Jack Kilby's prototype microchip, which ushered in the modern computing era, will excite tech collectors at Christie's New York on June 19.
The Nobel Prize-winning lot, which is offered with a $1m-2m estimate, is an integrated circuit on a single chip, which Kilby (of Texas Intruments) demonstrated in 1958.
Described as the "birth certificate of the modern computing era", the invention led to the widespread use of microchips, which can be found in almost all electronic devices today.
The chip is made of a doubly diffused germanium wafer with flying gold wire and four leads. It was developed by Tom Yeargan, a member of the team that helped miniaturise the giant computers of the early 20th century.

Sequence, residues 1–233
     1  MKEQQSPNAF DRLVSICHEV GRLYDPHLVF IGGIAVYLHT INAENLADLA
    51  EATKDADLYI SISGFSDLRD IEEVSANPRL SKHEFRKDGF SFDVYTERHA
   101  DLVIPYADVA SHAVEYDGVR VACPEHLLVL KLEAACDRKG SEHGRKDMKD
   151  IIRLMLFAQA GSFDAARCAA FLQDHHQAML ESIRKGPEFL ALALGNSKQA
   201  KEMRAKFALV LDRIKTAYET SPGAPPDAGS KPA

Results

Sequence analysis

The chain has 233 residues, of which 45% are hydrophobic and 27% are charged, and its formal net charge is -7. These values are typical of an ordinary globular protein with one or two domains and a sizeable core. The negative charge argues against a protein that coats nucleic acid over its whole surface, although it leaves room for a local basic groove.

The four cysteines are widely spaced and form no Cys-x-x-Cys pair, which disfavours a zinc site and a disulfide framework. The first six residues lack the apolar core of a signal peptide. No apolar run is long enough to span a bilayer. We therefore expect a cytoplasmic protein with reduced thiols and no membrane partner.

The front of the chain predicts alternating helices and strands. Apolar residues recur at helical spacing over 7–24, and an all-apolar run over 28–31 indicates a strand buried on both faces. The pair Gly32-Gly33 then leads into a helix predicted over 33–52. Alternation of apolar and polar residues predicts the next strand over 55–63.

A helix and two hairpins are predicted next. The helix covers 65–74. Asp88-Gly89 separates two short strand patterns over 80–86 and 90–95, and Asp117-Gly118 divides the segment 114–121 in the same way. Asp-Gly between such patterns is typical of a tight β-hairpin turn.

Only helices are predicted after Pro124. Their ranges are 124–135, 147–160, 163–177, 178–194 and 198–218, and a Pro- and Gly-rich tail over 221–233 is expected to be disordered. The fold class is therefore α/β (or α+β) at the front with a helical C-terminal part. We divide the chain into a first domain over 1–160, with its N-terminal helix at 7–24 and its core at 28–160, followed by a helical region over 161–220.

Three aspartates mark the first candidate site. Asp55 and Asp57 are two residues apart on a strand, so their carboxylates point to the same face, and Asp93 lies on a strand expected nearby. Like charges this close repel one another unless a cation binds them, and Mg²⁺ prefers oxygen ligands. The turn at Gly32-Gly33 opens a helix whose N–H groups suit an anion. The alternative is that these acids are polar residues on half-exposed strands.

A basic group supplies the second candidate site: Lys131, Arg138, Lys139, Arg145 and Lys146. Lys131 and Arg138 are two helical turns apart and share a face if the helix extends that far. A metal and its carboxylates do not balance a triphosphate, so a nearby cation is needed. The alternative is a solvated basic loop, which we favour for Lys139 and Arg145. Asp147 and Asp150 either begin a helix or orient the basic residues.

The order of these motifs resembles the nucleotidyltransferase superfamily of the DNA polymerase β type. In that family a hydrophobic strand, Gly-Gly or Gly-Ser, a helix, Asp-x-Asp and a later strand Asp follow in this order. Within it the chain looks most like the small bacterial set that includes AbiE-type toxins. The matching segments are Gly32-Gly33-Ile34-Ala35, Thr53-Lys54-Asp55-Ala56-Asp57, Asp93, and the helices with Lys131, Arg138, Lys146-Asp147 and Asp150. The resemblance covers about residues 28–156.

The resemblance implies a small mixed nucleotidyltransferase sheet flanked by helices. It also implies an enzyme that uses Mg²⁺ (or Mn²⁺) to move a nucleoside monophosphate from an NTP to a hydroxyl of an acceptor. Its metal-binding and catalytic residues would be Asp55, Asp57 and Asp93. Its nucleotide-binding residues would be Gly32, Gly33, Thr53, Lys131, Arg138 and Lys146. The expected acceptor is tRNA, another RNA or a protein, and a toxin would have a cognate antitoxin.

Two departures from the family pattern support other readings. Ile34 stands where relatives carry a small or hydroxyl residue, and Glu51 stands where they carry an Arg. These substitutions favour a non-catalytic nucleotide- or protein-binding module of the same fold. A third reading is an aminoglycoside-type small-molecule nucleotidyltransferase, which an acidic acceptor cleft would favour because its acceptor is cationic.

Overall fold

The auction is another progression in the expanding market for tech industry collectibles. Apple products and early computing innovations have become popular with a new generation of collectors recently, due to their important place in 20th century history.
Paul Fraser Collectibles has autographs from some of the greatest pioneers of the 20th century for sale, including Albert Einstein, Ernest Shackleton and Thomas Edison - take a look!